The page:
As a Human Resources Professional, I always believed that recruiting was the most exciting and enjoyable part of my job. In particular I found career fairs to be extremely invigorating (and exhausting).
Recruiting is where the rubber meets the road as an old tire advertisement used to say. Recruiting is essentially marketing and it is important to approach the process with that in mind. The process in its simplest terms involves representatives from the agency doing the recruiting and inviting people to join them as part of the work force to do the kind of work needed by the agency they themselves work for. That being the case, recruiters should be excited about what they do, who they do it for and the prospect of being involved in selecting who they get to do it with.
Successful recruiting, like all other areas of HR work, needs prior planning to be successful. While all types of recruiting share many things in common, there are differences in approaches across the spectrum of jobs available within public service. Public Safety recruiting, in particular, generally involves large numbers of candidates since selection processes typically include several successive hurdles that have the tendency to narrow the applicant pool.
The goal of good recruiting should be to reduce the numbers lost at each point in the selection process.
That being the case it is not uncommon for recruiters involved in recruiting for public safety positions to succumb to the notion that they need to cast a huge net to pull in the numbers needed to fill the anticipated vacancies. While this is true to some extent, there are things that can be done to make the recruiting process more efficient and less costly. I believe that the goal of good recruiting should be to reduce the numbers lost at each point in the selection process which ultimately reduces the number needed to start the process and increases the number of qualified candidates on the eligibility list.
While conducting research in preparation for writing the recruiting plan for the State of Nevada I read some insightful articles on recruiting. While many of them were focused on recruiting in the private sector with an emphasis on what has often been termed “head hunting,” I discovered that there are good lessons public sector recruiters can take away from the head hunters play book if you will.
In particular, I believe that public sector recruitments need to be aware of two different models involved in recruiting. The first and the most common used in the public sector is the “They Find You,” method of recruiting and the second, which is most commonly used in the head hunter arena, is “You Find Them.”
The first model fits with the concept noted previously in that it involves casting a wide net. In this model recruiting efforts and advertising are designed to help viable candidates find you. The “word” is put out in places and by methods that alert potential candidates that your agency is recruiting for police officers or fire fighters or whatever public safety related positions you have available. While there are methods of conducting this type of recruiting that can increase its effectiveness, which will be discussed later, there is a lot of hope involved. That is, recruiters are hoping they will attract qualified candidates in large enough numbers to fill the current vacancies.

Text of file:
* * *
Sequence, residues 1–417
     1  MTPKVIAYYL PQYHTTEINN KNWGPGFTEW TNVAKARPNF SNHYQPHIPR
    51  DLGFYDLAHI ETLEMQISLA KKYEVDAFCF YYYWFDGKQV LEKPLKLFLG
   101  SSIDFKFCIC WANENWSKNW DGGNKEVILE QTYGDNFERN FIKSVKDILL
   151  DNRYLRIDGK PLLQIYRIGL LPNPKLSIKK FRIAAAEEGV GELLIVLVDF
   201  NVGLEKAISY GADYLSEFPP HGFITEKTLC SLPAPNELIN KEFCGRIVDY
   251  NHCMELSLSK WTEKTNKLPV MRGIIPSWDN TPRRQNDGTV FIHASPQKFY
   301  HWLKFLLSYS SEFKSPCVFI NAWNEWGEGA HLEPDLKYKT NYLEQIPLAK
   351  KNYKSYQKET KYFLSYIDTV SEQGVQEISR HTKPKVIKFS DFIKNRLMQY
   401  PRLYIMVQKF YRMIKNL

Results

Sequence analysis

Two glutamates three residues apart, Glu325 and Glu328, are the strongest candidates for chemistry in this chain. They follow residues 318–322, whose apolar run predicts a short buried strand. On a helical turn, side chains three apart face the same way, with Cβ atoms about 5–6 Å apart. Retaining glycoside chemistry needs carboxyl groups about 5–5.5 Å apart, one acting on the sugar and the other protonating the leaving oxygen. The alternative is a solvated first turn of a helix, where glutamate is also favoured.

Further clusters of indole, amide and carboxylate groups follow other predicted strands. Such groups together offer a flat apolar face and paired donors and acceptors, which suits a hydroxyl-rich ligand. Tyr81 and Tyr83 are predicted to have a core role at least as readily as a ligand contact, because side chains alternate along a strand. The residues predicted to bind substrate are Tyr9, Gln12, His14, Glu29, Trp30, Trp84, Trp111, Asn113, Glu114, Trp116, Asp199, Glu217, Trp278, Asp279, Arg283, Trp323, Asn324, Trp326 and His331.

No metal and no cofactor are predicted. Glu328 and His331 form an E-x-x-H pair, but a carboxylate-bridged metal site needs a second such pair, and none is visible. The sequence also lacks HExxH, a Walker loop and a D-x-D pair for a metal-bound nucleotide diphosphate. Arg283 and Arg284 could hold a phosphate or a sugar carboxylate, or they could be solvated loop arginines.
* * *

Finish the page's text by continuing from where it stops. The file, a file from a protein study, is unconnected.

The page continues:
In contrast, the “You Find Them,” approach relies on more hands on work identifying and targeting specific individuals that you would like to have apply to your agency. Once individuals have been targeted, recruiters go to work making personal contact with these people encouraging them to participate in the selection process.
It can be seen immediately that this approach is labor intensive and has issues related to the appearance of favoritism. Additionally, private sector often has more latitude in how recruiters conduct themselves in the recruitments they conduct. In particular the “You Find Them,” approach is often used for critical and hard to fill positions and routinely includes approaching individuals that are currently employed in the targeted field. In that regard, recruiters are often involved in making personal contact with individuals that would be willing to change employers under the right conditions. The right conditions often include working environment, location, salary, benefits and perks which recruiters can use to entice candidates to leave their current position and take one with the organization for which they are recruiting. Still, including the mind set associated with this type of recruiting can be used to improve the common, “They Find You,” approach to recruiting.
Now that we have taken a brief look at what recruiting is and discussed the general idea of the two different major models of recruiting, we will be able to take a more detailed and specific look at the recruiting process. The next article will look at building a recruiting program from the ground up. Subsequent articles will include designing the job bulletin and the job announcement as well as things that can be included in recruiting programs to enhance their success.